New App Developed To Regularly Alert Pregnant Women About Vaccinations

A new app called Maternal Immunisations or MatImms has been launched in an attempt to save pregnant women and their babies from harmful infections. The guidance app will advise and remind women about vaccinations needed during pregnancy.

The Sunday Express reported that the app, which can be incorporated to iPhone and Android calendars, was developed to help and persuade expectant mothers to protect themselves and their soon-to-be newborns from life-threatening infections like flu and whooping cough. These infections could be easily prevented if pregnant women would get recommended vaccinations.

MatImms works by creating a customized vaccination timetable based on the mother's due date. Mothers who will be using the app could expect regular alerts when the appropriate time for the vaccines comes. Alerts about immunizations after birth could also be expected until the baby turns one year old.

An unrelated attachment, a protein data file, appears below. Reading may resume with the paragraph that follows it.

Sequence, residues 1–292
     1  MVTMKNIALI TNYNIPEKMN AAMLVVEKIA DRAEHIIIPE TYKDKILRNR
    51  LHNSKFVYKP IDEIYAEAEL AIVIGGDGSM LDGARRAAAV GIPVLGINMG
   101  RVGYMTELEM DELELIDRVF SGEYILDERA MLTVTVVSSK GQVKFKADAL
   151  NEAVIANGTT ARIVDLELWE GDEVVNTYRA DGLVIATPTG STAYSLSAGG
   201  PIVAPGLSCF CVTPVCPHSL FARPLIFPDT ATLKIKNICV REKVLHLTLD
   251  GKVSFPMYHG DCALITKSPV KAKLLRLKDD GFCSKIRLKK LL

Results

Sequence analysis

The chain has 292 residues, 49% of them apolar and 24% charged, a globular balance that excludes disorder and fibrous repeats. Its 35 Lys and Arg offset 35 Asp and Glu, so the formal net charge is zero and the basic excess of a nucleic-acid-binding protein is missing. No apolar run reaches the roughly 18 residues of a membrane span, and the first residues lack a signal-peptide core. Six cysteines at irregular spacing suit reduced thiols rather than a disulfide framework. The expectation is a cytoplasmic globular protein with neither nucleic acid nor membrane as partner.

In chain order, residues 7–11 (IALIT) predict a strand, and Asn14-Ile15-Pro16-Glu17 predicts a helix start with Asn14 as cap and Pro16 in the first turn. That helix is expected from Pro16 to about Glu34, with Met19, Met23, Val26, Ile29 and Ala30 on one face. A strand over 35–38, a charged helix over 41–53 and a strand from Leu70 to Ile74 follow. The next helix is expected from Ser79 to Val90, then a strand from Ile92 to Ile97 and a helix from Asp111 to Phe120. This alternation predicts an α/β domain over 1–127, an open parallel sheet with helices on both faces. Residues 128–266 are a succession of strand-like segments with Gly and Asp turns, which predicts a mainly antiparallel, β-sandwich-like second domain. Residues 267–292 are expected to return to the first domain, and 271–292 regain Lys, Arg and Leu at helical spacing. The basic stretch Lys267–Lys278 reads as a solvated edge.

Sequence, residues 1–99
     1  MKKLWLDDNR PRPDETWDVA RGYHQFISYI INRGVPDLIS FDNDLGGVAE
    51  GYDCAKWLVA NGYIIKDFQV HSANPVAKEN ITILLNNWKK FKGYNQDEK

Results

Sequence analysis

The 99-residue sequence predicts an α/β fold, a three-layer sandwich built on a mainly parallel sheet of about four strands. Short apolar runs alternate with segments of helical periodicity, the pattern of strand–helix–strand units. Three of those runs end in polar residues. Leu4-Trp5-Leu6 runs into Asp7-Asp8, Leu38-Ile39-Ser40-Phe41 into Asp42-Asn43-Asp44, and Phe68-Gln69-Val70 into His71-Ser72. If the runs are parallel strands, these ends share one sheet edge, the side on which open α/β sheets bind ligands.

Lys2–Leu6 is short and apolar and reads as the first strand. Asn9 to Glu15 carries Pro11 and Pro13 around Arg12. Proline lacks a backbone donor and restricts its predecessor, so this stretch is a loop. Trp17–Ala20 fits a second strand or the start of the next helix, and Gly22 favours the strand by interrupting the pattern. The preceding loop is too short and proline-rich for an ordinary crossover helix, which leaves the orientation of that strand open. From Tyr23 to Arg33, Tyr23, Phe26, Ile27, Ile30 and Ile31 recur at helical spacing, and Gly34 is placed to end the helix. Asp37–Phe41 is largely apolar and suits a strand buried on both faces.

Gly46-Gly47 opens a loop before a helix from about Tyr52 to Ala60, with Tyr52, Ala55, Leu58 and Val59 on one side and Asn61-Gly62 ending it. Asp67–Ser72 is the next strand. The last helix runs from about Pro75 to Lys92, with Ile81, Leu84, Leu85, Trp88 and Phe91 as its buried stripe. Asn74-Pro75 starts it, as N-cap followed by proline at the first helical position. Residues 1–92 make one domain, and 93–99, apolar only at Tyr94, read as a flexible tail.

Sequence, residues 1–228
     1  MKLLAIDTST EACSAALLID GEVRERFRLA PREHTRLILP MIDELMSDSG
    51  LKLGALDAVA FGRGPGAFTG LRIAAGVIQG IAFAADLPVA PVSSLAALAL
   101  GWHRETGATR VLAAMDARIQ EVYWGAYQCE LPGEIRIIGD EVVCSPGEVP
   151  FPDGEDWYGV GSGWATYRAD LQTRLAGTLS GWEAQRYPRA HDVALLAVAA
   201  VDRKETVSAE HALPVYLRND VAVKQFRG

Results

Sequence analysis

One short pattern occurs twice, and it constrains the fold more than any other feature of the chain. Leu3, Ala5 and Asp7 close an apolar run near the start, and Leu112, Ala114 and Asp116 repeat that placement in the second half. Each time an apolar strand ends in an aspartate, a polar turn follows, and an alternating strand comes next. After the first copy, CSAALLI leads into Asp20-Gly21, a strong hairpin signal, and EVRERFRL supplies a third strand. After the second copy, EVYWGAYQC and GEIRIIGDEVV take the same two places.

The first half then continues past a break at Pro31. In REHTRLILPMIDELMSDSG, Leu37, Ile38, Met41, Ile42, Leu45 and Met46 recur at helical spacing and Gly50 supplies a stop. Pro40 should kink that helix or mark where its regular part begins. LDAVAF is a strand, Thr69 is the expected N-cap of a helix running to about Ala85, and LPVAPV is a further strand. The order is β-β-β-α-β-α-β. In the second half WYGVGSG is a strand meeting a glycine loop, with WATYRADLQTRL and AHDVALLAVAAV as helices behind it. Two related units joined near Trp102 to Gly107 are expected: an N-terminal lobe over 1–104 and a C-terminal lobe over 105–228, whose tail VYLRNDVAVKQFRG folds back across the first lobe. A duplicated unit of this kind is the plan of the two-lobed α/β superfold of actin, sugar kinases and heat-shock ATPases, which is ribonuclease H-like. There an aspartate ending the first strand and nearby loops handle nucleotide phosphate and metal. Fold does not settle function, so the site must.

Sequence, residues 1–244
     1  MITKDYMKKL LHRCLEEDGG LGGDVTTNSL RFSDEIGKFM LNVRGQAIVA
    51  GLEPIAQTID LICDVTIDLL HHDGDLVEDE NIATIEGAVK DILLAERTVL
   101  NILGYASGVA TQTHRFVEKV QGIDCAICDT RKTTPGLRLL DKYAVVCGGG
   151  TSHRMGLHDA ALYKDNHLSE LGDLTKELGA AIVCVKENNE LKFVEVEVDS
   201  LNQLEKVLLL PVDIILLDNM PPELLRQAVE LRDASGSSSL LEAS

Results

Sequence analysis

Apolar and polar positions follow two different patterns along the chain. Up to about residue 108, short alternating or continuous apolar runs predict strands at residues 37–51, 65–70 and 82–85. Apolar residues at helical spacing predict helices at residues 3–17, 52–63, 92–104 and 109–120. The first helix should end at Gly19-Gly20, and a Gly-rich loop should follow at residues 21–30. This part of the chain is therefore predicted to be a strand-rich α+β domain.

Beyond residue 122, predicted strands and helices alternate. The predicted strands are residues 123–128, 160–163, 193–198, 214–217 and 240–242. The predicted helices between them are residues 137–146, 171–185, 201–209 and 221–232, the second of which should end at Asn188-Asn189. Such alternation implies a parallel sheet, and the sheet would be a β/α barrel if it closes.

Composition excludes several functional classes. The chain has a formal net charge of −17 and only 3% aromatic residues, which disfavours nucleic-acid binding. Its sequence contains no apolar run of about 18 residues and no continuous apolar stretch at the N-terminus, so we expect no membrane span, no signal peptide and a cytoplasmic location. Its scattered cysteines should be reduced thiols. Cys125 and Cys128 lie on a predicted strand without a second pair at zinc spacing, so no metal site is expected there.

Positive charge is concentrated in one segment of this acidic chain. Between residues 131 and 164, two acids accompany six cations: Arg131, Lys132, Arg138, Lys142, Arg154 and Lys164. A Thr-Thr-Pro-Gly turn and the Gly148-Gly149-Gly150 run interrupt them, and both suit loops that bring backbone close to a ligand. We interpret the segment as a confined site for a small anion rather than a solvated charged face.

Developed by the clinicians from the Imperial College London and Imperial College Healthcare NHS Trust, MatImms is a response to the alarmingly low turnout of pregnant women who received vital vaccines. Between 2013 and 2014, only 26 percent of pregnant women were vaccinated for whooping cough and 38.5 percent for flu due to lack of communication.

"Our research shows that a lack of effective communication is the main reason why women do not take up the recommended vaccinations during pregnancy," explained Beate Kampmann, a professor of pediatric infection, immunity and international child health at Imperial College London who led the development of MatImms. "Our app aims to address the communication gap by providing a one-stop shop for women to get all the information they need on the vaccines available to them during their pregnancy."

According to the National Health Service, getting vaccinated against whooping cough is vital for pregnant women because it protects the baby from developing the infection in the first few weeks after birth. This vaccine may be given between 28-38 weeks of pregnancy.

Moreover, flu vaccine is equally important because pregnant women have higher chances of developing flu, which may result in serious conditions, premature delivery, low birthweight, and even stillbirth or death of the baby. This vaccine could be provided during any stage of pregnancy.

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